| The kalasiris women wore might cover one  or both shoulders or be worn with shoulder straps. While the top could reach anywhere from below the breast up to the neck, the bottom hem generally touched the calves or even the ankles. Some had short sleeves, others were sleeveless. The fit might be very tight or quite loose. They were often worn with a belt which held together the folds of cloth.
Source of the kalasiris picture on the right: University of Indiana website 
They were sewn from a rectangular piece of cloth twice the desired garment length. An opening for the head was cut at the centre of the cloth, which was then folded in half. The lower parts of the sides were stitched together leaving openings for the arms.
Source: the two pictures to the right are excerpts from Ancient Egypt by Lionel Casson
Women’s dresses were at times ornamented with beads. They covered the breasts most of the time, though there were periods when fashion left them bare .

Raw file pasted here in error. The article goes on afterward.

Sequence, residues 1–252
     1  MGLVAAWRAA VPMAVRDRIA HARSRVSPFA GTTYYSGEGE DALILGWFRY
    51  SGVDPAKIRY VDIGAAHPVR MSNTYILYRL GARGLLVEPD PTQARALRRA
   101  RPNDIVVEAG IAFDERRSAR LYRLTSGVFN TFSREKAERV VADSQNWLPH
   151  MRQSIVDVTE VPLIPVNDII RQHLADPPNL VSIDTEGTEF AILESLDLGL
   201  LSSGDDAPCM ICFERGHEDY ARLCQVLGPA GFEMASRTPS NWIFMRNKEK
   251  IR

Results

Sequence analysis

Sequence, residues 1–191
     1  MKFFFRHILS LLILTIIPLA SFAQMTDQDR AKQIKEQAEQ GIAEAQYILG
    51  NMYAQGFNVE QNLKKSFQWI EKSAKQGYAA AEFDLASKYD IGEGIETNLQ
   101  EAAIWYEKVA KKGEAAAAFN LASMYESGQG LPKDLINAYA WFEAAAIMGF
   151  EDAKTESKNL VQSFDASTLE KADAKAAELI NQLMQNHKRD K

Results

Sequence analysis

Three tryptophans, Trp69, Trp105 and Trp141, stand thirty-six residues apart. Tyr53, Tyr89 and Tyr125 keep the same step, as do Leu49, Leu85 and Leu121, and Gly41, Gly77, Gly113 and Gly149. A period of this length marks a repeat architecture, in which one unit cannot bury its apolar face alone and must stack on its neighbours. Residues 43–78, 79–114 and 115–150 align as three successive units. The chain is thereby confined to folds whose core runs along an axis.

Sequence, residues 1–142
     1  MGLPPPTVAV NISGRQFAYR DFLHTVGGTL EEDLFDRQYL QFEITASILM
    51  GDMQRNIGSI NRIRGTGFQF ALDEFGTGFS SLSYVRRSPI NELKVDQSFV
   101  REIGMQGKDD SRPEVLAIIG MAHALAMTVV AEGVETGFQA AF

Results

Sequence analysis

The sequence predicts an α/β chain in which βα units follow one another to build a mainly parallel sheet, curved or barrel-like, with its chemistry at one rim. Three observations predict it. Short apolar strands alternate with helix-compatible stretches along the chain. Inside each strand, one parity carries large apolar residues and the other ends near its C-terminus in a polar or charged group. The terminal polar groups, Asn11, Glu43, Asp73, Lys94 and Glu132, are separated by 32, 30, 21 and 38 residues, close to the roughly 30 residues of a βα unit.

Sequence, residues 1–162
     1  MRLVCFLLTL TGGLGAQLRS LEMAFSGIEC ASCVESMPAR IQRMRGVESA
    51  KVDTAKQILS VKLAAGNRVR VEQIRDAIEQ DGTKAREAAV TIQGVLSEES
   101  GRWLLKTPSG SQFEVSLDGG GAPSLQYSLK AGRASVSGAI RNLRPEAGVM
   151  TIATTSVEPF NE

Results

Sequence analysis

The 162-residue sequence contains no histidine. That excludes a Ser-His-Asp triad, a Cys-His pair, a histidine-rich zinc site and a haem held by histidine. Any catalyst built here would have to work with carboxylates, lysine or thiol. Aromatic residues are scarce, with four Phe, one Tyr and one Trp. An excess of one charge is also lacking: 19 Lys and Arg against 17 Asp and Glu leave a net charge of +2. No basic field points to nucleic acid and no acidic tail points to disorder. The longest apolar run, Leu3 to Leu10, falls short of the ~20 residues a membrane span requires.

| Cleanliness was apparently next to godliness in ancient Egypt. And who was closer to the gods than the pharaohs themselves. Since earliest historic times the titles of “chief washer of the palace” and “washer to the pharaoh” are known, and keeping the royal clothes lily white was the duty of the “chief bleacher.”
Manually washing clothes was hard work. Soap was unknown to the ancient Egyptians, so lye, made of castor-oil and saltpetre or some such substances , or detergents made of soapwort or asphodil were used. The laundry was beaten, rinsed and wrung by pairs of workers. By 1200 BCE there were fire-proof boilers in the wash-houses, and the hot water lightened the workload.
Many, above all the poorer people had no access to facilities and had to do their laundry under at times difficult conditions. Washing on the shore of the river or the bank of a canal, which had the advantage of not having to carry a lot of water in heavy earthen pots, could be dangerous: